Conference realignment hit college football like a freight train on Wednesday. The biggest news is Texas and Oklahoma looking at joining the SEC.
Processing those two not in the Big 12 is enough for everybody’s brain. The Red River schools have been the staple of the conference since it began in 1996. Them leaving is going to leave ripples for years to come.
Some of the biggest losers of this whole debacle are the remaining eight teams in the Big 12. Texas and Oklahoma may have their next destinations, but Iowa State, the three Texas schools, the Kansas schools, Oklahoma State and West Virginia are being left out to dry.
At least two schools are being proactive. According to Mike Vernon, Iowa State and Kansas are attempting to get on calls with the Big Ten. The Jayhawks are leading the charge with the Cyclones tagging along.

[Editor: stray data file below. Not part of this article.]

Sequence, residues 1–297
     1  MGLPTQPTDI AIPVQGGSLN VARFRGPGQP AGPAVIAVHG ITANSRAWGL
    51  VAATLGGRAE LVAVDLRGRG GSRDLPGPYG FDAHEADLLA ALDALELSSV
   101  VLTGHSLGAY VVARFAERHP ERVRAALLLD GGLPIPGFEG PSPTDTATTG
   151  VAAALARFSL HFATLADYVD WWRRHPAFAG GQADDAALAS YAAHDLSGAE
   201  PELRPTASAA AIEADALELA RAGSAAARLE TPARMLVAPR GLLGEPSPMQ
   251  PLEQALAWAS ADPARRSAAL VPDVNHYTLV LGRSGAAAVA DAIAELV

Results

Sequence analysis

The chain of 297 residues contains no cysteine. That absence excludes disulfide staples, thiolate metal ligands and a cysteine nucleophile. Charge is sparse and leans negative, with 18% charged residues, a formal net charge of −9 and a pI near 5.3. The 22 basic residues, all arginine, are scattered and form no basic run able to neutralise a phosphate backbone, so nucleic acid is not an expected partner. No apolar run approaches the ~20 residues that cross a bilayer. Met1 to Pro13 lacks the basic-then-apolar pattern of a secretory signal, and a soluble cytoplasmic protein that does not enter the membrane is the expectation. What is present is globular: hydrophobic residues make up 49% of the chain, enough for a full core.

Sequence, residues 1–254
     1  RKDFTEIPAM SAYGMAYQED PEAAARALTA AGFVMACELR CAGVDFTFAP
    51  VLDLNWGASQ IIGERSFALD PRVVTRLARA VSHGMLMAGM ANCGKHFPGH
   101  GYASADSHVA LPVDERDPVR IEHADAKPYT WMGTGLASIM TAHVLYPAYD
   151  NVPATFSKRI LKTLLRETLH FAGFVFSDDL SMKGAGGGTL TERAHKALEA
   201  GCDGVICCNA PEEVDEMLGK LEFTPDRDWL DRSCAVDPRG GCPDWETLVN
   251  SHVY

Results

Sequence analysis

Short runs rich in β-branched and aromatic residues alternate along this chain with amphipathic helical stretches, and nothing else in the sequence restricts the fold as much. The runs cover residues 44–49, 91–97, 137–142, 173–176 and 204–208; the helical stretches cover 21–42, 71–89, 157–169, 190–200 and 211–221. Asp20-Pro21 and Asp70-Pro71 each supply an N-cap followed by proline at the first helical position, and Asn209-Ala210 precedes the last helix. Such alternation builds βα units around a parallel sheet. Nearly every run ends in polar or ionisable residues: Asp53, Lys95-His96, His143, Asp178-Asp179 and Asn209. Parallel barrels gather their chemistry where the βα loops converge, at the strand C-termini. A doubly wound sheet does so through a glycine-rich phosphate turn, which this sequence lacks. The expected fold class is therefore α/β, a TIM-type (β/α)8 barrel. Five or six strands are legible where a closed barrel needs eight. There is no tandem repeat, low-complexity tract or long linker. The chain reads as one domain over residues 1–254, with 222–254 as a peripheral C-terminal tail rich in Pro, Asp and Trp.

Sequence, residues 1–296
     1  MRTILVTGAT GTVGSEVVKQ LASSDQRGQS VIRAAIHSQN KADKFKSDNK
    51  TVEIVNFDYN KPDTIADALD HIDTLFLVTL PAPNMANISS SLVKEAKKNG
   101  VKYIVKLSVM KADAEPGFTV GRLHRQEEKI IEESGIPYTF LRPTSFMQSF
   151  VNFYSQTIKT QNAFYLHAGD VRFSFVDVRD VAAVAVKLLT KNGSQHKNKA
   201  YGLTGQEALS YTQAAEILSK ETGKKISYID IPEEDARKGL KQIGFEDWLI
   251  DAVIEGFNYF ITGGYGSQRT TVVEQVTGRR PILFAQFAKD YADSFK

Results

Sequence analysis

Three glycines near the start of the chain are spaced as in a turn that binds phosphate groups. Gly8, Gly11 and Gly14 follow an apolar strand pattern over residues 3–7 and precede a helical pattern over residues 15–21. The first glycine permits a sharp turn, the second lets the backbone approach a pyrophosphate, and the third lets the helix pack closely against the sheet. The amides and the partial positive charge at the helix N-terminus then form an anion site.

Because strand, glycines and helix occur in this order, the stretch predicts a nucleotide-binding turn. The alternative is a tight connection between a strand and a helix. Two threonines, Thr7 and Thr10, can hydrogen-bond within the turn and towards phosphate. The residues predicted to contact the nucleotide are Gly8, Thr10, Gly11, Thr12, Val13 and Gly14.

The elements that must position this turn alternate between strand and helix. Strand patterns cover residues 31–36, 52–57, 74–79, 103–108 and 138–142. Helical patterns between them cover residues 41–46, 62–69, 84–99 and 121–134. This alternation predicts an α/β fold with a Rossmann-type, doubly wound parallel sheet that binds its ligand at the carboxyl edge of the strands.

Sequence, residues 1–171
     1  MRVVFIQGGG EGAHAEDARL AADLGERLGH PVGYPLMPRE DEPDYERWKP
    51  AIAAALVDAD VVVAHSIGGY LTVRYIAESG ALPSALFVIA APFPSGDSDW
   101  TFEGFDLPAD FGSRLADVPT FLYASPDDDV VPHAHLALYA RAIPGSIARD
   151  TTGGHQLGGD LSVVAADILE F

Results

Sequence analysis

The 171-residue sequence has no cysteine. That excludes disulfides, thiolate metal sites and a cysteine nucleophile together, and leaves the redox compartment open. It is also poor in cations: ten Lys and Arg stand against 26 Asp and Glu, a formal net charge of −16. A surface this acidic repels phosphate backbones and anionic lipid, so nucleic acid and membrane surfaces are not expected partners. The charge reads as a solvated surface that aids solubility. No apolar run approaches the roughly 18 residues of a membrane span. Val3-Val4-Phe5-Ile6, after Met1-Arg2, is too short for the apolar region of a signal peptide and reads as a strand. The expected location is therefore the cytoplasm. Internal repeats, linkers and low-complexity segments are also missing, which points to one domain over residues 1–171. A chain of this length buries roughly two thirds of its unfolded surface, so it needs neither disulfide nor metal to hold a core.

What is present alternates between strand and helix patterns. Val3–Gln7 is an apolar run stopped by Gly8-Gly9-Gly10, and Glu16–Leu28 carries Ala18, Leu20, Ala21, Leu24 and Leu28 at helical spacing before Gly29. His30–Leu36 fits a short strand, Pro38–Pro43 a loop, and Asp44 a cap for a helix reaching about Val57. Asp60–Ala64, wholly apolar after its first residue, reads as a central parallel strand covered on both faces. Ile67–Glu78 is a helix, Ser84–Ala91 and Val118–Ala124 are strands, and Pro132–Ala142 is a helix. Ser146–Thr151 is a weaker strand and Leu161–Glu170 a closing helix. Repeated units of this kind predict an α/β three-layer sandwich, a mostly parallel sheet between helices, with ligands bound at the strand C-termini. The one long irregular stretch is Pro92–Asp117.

For Kansas, the biggest attraction is basketball. A conference such as the Big Ten values the sport more than others, possibly just a tier below football. Welcoming an elite program such as Bill Self’s would be an easy decision for Big Ten presidents/athletic directors.
Iowa State is in a position where its in-state rival already resides in the Big Ten. Will Iowa be like Texas A&M, where it does not want to share the state? Or will the CyHawk rivalry be embraced within the conference?
The two have been playing each other every year since 1977 after a 43-year hiatus. Neither has been in the same conference during that period.
Unlike Texas/Oklahoma in the SEC, nothing is close to being complete. If the Big 12 as we know it ends in 2022, Kansas and Iowa State will have at least a year to be voted into the Big Ten.